After months of wrangling, House Democrats managed a big win Friday, passing their roughly $1.75 trillion social and climate spending package despite a Republican effort to delay the final vote.
House Speaker Nancy Pelosi, wearing white, announced the passage of President Joe Biden's "Build Back Better Act," with the vote falling largely along party lines at 220-213.
As the count crossed the threshold to pass, Democrats on the floor applauded and chanted "Build Back Better!" and "Nancy! Nancy!"
"If you're a mom, a dad, a family caregiver or the rest -- this bill is for you," Pelosi said at a news conference minutes later. "If you care about the planet and how we pass it on to our children, this bill is for you."
The social spending measure would generate the largest expansion to the social safety net in 50 years and contains $555 billion for climate and clean energy investments. It would:
Biden called Pelosi from Walter Reed National Military Medical Center in Bethesda, Maryland, where he was getting a physical, including a routine colonoscopy, to congratulate her.
"Above all, it puts us on the path to build our economy back better than before by rebuilding the backbone of America: working people and the middle class," Biden said in a statement. "For the second time in just two weeks, the House of Representatives has moved on critical and consequential pieces of my legislative agenda," he said.
Now that it's passed the House, the Senate is expected to amend the proposal in the coming weeks after the Thanksgiving recess as Democratic Sens. Kyrsten Sinema and Joe Manchin have not committed to the package in its current form.
Taking a victory lap, Pelosi downplayed any potential disputes with Senate Democrats over the final product and projected total confidence that the bill will make it to Biden's desk following any changes in the Senate.
"It's called the legislative process," Pelosi said. "At the end of the day, we will have a great bill."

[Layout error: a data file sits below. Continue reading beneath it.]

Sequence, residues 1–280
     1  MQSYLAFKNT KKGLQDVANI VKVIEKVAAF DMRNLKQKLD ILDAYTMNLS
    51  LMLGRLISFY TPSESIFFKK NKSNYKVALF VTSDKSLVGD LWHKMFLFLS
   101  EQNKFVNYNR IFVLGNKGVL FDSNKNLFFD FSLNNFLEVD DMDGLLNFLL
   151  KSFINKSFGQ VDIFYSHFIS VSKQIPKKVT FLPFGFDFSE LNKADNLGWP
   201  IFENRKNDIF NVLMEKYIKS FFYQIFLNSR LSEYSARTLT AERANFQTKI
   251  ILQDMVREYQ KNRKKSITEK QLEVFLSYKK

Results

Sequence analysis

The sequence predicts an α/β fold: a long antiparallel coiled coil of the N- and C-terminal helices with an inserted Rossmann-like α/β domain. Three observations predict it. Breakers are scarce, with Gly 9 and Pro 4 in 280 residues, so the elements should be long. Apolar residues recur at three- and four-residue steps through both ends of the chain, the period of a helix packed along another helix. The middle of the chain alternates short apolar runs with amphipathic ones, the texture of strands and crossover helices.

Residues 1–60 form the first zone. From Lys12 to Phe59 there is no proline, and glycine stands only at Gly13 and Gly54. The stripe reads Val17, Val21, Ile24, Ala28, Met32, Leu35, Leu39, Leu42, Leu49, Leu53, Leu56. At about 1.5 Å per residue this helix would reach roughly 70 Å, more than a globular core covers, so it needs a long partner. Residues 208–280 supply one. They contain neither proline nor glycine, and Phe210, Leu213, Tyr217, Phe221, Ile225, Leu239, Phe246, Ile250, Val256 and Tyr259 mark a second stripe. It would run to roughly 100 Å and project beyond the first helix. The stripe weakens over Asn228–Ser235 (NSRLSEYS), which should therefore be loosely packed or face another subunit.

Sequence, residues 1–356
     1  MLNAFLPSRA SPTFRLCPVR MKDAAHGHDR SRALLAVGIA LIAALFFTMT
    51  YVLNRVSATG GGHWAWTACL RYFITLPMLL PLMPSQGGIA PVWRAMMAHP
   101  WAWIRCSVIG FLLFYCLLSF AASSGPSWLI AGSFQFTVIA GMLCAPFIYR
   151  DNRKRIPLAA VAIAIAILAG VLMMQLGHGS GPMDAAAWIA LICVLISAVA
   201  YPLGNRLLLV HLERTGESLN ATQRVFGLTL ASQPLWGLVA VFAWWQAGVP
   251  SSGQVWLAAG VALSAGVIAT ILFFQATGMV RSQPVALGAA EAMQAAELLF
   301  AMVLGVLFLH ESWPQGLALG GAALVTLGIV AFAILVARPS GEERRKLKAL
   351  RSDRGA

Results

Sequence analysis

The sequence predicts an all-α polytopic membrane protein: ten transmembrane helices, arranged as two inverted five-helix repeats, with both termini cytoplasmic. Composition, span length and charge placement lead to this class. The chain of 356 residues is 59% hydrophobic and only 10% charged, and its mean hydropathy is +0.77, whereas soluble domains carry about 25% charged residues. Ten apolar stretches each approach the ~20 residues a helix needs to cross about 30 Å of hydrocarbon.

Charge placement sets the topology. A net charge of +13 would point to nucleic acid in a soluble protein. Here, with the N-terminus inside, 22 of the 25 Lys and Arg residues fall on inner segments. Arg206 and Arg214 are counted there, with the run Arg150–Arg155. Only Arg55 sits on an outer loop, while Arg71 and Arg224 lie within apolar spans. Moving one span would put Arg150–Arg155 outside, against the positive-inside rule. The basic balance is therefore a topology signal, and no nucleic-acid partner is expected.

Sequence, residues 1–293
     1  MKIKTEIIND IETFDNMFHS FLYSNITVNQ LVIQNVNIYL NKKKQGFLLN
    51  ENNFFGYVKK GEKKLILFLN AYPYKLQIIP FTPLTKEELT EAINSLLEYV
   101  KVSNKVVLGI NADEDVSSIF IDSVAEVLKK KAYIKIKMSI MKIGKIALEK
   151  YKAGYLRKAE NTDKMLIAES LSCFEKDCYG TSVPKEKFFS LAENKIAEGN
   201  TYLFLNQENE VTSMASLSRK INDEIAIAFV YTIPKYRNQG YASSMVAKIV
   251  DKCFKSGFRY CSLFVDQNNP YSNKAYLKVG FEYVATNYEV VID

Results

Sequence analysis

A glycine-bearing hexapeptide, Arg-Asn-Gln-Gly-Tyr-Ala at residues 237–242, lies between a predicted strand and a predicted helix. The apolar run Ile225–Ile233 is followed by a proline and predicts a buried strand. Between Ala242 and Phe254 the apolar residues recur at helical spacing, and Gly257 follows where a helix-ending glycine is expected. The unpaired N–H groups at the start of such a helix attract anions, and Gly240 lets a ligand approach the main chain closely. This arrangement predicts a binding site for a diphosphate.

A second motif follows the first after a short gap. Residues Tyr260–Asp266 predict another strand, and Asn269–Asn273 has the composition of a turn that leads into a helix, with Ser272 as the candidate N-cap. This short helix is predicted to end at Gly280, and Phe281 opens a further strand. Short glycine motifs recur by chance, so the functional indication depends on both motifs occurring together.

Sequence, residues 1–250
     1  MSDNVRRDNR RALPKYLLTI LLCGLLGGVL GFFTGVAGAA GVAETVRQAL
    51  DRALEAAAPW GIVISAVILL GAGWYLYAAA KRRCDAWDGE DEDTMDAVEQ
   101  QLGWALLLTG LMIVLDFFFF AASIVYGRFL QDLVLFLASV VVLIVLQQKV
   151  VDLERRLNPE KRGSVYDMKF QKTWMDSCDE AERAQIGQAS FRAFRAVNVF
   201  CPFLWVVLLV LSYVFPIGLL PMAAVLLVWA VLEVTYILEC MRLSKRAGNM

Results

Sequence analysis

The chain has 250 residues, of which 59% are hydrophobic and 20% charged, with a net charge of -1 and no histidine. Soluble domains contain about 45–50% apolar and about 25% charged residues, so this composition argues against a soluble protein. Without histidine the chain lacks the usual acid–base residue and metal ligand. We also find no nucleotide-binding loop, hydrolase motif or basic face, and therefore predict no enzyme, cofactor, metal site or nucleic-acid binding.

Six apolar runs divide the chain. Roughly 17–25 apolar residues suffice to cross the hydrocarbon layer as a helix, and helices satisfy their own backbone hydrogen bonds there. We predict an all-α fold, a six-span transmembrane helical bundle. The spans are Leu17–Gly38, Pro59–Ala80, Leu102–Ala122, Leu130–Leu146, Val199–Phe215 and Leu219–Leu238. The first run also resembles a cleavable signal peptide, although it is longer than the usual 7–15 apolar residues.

Since congressional Democrats plan to pass the measure through reconciliation -- a lengthy budget process that would not require any Republican support since Democrats have a narrow majority in both chambers -- the legislation still has a long way to go, including back to the House, before it would hit Biden's desk.
In the House, Rep. Jared Golden of Maine was the only Democrat to oppose the package, signaling opposition to a provision to raise the federal tax deduction for state and local taxes that could benefit high-earning homeowners. Democrats could afford to lose three votes and still pass the legislation. Not a single Republican supported it.
Overnight, House Minority Leader Kevin McCarthy, R-Calif., took the floor for more than eight hours to rail against the bill and Democrats' agenda, breaking a record previously held by Pelosi for the longest House floor speech, knocking Democrats off their plans to approve the measure late Thursday evening, in a show to his conference that he's fighting for the GOP on his quest to become speaker.
"I know some of you are mad at me and think I have spoken too long, but I've had enough. America has had enough," he said, rallying his conference after a week of intraparty tensions over his leadership as the party seeks to recapture the House.
When Pelosi took the floor on Friday morning ahead of the full floor vote, she took a swipe at McCarthy's lengthy speech.
"As a courtesy to my colleagues, I will be brief," she said, wearing an all-white suit to mark the occasion. Pelosi said Democrats are "proud to pass this legislation under President Joe Biden."
Earlier Thursday, the nonpartisan Congressional Budget Office estimated that the total Democratic package would add $160 billion to the national deficit over the next 10 years, an assessment requested by some moderate Democrats ahead of any vote to send the Build Back Better Act to the Senate.
Democratic leaders, progressives and most moderates have rallied around the package they said would make historic investments in fighting climate change, lower prescription drug prices, expand Medicare coverage and provide universal pre-kindergarten.
"Those of us who serve on this date will be able to tell our children and grandchildren we were there when the Congress passed one of the most transformational bills in the history of the Congress," House Majority Leader Steny Hoyer, D-Md., said on Thursday.
Republicans, meanwhile, assailed Democrats over the scope and cost of the package -- given Biden's initial pledge that it would cost "zero dollars" -- and predicted it would further fuel inflation.